And then he says, “I have given them your word, and the world has hated them because they do not belong to the world, just as I do not belong to the world.”

The world hated them

Some would say they were hated because they followed Jesus but let me give you another perspective…

Maybe they were hated because of the kind of people they were.

 

None of the 12 would be considered good students.

If they were, they would have already been a school with a Rabbi at a much younger age.

But if you weren’t good enough to be rabbis, you had to go do something else.

Like being fishermen.

A good vocation, a good wage, but not considered elite.

Or you could become a tax collector, and with that become one of the most hated in all Jerusalem, because you would be considered a traitor to your own race, working for the enemy (the government)

Or you end up like a zealot, someone who would kill the tax collector under other circumstances, and to be honest, a zealot is not the easiest person to get along with, in a way he is awkward.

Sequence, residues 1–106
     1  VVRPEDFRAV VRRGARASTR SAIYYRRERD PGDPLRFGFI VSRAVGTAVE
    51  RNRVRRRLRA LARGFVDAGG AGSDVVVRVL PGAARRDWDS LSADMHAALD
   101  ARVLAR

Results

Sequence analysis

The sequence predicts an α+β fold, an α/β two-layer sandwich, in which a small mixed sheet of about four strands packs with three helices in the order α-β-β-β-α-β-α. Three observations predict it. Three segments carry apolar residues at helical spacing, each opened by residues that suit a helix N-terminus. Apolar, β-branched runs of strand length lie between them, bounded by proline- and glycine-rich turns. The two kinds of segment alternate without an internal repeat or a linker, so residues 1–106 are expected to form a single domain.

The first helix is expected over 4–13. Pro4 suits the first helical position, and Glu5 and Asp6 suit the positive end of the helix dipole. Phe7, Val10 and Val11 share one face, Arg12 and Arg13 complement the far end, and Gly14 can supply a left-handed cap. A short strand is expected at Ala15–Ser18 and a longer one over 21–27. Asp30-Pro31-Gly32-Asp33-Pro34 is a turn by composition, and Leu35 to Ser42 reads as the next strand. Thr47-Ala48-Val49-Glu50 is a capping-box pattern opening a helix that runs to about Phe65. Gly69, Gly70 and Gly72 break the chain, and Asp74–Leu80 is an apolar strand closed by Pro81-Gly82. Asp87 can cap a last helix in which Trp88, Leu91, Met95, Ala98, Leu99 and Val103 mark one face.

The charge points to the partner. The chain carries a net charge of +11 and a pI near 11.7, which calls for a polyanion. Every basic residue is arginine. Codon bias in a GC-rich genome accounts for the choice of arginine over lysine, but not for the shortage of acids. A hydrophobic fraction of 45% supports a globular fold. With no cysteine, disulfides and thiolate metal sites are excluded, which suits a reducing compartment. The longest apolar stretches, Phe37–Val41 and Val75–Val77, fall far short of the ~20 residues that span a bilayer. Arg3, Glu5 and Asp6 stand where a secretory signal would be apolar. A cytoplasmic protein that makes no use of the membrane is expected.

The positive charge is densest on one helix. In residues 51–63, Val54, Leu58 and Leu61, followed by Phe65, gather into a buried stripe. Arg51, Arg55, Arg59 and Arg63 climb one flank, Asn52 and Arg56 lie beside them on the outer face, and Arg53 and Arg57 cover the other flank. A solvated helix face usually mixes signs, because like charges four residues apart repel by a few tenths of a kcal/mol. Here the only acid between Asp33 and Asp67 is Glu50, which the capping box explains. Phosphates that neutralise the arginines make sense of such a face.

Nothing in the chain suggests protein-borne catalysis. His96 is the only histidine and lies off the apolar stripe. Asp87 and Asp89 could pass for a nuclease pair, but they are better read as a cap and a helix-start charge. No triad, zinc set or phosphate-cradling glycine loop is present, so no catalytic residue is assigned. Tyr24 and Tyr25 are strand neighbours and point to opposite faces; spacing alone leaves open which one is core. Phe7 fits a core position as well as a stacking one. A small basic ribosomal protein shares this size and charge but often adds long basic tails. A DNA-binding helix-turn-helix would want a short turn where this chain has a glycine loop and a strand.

Can you imagine the group of misfits around that table with Jesus?

 

And even though they are not present, let me also add the women who followed Jesus, women were considered second class. Their word was not valid. They were good for only two things: cooking and raising children.

But Jesus saw them and treated them as people.

 

Getting back to the misfits around that table.

The world hated these misfits.

But Jesus loved them.

 

He loved them so much that he prays to God to PROTECT them from the Evil One.

He knows the world will be against them, but they have a powerful ally.

God.

When Jesus prays this prayer he is making a vow,

An oath,

And that oath is:

“These disciples do not belong to the world, because they belong to ME!

These misfits are MY people.

And no one can or will take them away from me.”

This morning, I am here to tell you today that YOU all of YOU are Jesus’ people.

 

You are children of God.

You know how I know that?

 

Because of words like these in our gospel.

Because of what Jesus did to protect his friends.

He died for them.

He died for us.

 

And our God,

Our Savior,

does not do that for someone he hates.

 

Or for someone he calls stupid, ugly, or a waste of time.

 

No.

Jesus does it for someone he loves, that he cherishes, that he protects.

 

I also know this because of the promises made at baptism, not just by the parents, the guardians, or the church but the promise made by God.

With each splash, God washed us in his love, his acceptance, and his family.

When the sign of the cross was placed on our forehead that was God saying:

“Welcome, my child.”

 

No matter what the world throws at us, God is there either to:

Protect us

To take the hit for us

Or to catch us when we fall.

 

And that is good news.